Matthew 17:1-21 – The Transfiguration
Yesterday at Baltimore Bible Church Pastor George preached on the beginning of Matthew 17:
Six days later Jesus took with Him Peter and James and John his brother, and led them up on a high mountain by themselves. And He was transfigured before them; and His face shone like the sun, and His garments became as white as light. And behold, Moses and Elijah appeared to them, talking with Him. Peter said to Jesus, “Lord, it is good for us to be here; if You wish, I will make three tabernacles here, one for You, and one for Moses, and one for Elijah.” While he was still speaking, a bright cloud overshadowed them, and behold, a voice out of the cloud said, “This is My beloved Son, with whom I am well-pleased; listen to Him!” When the disciples heard this, they fell face down to the ground and were terrified. And Jesus came to them and touched them and said, “Get up, and do not be afraid.” And lifting up their eyes, they saw no one except Jesus Himself alone.
As they were coming down from the mountain, Jesus commanded them, saying, “Tell the vision to no one until the Son of Man has risen from the dead.” And His disciples asked Him, “Why then do the scribes say that Elijah must come first?” And He answered and said, “Elijah is coming and will restore all things; but I say to you that Elijah already came, and they did not recognize him, but did to him whatever they wished. So also the Son of Man is going to suffer at their hands.” Then the disciples understood that He had spoken to them about John the Baptist.
When they came to the crowd, a man came up to Jesus, falling on his knees before Him and saying, “Lord, have mercy on my son, for he is a lunatic and is very ill; for he often falls into the fire and often into the water. I brought him to Your disciples, and they could not cure him.” And Jesus answered and said, “You unbelieving and perverted generation, how long shall I be with you? How long shall I put up with you? Bring him here to Me.” And Jesus rebuked him, and the demon came out of him, and the boy was cured at once.
Then the disciples came to Jesus privately and said, “Why could we not drive it out?” And He said to them, “Because of the littleness of your faith; for truly I say to you, if you have faith the size of a mustard seed, you will say to this mountain, ‘Move from here to there,’ and it will move; and nothing will be impossible to you. [But this kind does not go out except by prayer and fasting.”]
As we have seen in studying chapter 16, we are now entering the last phase of Jesus’ ministry. It might seem that after the true identity of this remarkable man, The Messiah, was revealed things would get better and better. The disciples would have expected Him to begin setting up His kingdom and overthrowing the oppressive Roman government. This is not at all what happened though. As we saw at the end of chapter 16, Jesus immediately began preparing the disciples for his imminent death. The miraculous events of chapter 17, the Transfiguration and the healing of the demon-possessed boy, are both a continuation of this, designed to encourage their faith and challenge their unbelief.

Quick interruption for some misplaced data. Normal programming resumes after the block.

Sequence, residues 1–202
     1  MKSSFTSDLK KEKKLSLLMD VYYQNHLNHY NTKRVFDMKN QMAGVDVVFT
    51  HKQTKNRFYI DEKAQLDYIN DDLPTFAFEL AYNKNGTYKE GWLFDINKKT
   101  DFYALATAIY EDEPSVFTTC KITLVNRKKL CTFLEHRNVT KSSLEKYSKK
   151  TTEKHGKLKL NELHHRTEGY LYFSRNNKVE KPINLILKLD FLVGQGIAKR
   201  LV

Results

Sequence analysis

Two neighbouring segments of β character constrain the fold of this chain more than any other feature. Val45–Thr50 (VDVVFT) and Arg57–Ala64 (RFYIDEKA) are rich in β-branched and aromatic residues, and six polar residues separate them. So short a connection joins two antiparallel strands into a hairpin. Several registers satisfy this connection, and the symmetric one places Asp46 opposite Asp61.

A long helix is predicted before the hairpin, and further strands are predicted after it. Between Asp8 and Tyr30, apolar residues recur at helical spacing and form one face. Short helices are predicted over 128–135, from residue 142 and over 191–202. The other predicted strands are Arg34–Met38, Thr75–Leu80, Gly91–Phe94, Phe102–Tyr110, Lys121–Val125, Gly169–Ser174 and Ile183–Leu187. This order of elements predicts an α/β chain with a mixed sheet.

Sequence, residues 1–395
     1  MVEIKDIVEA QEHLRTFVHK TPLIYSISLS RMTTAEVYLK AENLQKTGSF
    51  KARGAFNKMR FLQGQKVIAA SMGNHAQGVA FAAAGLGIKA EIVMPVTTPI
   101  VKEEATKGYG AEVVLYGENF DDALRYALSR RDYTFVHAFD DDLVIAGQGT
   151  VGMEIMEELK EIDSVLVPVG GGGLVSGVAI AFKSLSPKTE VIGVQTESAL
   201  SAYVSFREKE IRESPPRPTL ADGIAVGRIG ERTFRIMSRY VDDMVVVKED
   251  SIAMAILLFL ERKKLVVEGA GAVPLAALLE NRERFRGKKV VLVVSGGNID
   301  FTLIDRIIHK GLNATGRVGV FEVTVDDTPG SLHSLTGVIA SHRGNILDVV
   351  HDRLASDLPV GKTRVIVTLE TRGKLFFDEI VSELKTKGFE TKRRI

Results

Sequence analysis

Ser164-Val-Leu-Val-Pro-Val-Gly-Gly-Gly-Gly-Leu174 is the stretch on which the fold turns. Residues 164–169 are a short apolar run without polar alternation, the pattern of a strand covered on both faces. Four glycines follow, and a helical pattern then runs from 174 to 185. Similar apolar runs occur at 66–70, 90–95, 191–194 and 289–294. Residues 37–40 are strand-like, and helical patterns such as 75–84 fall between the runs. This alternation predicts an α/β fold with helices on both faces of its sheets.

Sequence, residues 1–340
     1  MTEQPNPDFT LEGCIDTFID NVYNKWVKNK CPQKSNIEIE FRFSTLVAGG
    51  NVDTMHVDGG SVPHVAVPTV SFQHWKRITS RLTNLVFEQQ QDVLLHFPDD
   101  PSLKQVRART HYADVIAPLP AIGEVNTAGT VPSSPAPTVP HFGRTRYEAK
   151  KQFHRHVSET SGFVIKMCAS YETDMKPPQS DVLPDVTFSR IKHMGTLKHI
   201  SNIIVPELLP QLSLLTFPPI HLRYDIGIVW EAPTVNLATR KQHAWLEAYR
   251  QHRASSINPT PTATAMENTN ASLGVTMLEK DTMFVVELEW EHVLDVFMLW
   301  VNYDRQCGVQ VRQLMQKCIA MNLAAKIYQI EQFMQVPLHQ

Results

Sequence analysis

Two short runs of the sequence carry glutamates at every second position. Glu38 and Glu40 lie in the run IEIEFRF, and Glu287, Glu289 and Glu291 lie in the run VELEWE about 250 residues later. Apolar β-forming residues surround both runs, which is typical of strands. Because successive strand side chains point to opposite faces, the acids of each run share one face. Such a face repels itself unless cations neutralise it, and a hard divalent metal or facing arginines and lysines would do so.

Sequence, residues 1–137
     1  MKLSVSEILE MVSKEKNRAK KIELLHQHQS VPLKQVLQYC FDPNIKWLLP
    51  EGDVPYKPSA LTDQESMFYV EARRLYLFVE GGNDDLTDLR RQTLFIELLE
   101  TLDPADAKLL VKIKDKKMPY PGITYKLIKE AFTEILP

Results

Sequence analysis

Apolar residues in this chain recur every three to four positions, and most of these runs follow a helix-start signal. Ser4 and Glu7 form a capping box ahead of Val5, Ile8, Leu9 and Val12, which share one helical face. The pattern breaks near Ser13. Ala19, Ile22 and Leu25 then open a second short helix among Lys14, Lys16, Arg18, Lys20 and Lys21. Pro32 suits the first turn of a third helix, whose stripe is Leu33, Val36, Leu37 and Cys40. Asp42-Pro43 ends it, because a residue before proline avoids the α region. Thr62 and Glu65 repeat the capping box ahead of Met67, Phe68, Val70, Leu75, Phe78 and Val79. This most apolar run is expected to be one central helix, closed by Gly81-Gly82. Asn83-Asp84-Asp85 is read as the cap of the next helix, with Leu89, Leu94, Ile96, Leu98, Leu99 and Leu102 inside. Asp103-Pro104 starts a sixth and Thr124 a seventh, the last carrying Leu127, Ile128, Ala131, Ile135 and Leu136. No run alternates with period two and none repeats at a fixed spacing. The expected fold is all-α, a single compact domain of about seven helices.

Pastor George pointed out two questions this passage demands we answer about our own faith. First, will you trust God when His plans are different than yours? An astute reader of the law and prophets (the Old Testament) would have known that before the Messiah came, Elijah would come. Malachi 4:5-6, the final words of the Old Testament, prophesy, “Behold, I am going to send you Elijah the prophet before the coming of the great and terrible day of the Lord. He will restore the hearts of the fathers to their children and the hearts of the children to their fathers, so that I will not come and smite the land with a curse.” Because of this passage, most Jewish scholars believed that Elijah (who never died) would physically return and prepare the way for the Messiah. But they missed that the very words used by Malachi were given to Zacharias by the angel Gabriel when he told him that he would have a son. Luke 1: 17 says “It is he who will go as a forerunner before Him in the spirit and power of Elijah, ‘to turn the hearts of the fathers back to the children.’” John the Baptist fulfilled the prophecy of the spirit of Elijah coming before Jesus the Savior.
This was not what Peter, James, and John would have been taught and expected. This is partly why Jesus took them up on the mountain, to show them that His ways and His plan were the ones to trust. In verse 12 Jesus again reminds them that He would suffer at the hands of the same people who mistreated John the Baptist, encouraging them to trust no matter what would happen.
The second question we must ask is will you trust God when His promise is different than your experience? As they come down from the mountain, a large crowd meets them where a father with his demon-possessed boy cry out for Jesus’ help. He brought the boy to the rest of Jesus disciples (who had specifically been given the power to cast out all demons) but they had no power over the boy. This an embarrassment to the disciples and a discouragement for the boy’s father. Weren’t these supposed to be the ones who could help him when no one else could? They were, but they lacked faith in a specific command of Jesus. This is instructive for what kind of faith we ought to have. Not faith in faith. Not faith in our own beliefs or desires. But faith in what God has said and in following His commands. Everyone has faith in something, the key is placing it in something that is worth believing in.
There is a common phrase that goes “God said it. I believe it. That settles it.” This is good as far as it goes, but a better way to live is “God said it. That settles it. I believe it.” Let this passage challenge us to trust in God when He has different plans for us than we do, and when He promises us things that may not fit with our current experience.